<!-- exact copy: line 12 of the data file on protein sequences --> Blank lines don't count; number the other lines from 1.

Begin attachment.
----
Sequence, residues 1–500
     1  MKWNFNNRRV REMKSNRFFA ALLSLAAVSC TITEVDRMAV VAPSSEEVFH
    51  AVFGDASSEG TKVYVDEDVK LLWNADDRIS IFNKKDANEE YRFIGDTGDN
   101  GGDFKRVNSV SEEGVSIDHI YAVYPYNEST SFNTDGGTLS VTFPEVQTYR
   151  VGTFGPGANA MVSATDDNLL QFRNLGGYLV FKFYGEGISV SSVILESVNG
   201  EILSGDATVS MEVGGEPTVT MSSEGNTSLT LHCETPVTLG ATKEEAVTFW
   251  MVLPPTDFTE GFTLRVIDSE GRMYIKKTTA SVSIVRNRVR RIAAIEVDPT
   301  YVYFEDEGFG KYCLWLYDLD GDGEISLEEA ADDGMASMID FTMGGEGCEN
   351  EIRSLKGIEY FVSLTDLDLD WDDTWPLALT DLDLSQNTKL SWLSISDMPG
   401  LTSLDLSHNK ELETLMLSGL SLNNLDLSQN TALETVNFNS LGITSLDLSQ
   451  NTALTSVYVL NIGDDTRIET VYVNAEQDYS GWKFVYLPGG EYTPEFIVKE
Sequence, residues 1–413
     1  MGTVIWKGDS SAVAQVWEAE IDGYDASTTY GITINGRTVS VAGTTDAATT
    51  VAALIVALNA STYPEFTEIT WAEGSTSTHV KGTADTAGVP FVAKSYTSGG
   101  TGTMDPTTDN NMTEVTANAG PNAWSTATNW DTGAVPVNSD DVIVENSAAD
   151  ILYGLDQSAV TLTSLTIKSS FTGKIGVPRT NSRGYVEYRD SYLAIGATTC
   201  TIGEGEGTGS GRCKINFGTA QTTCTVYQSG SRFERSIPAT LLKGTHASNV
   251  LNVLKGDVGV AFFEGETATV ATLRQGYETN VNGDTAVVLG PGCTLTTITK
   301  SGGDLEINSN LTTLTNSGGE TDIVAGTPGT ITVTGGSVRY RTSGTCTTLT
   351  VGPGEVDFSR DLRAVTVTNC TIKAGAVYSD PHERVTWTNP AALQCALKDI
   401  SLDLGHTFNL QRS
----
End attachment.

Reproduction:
Sequence, residues 1–413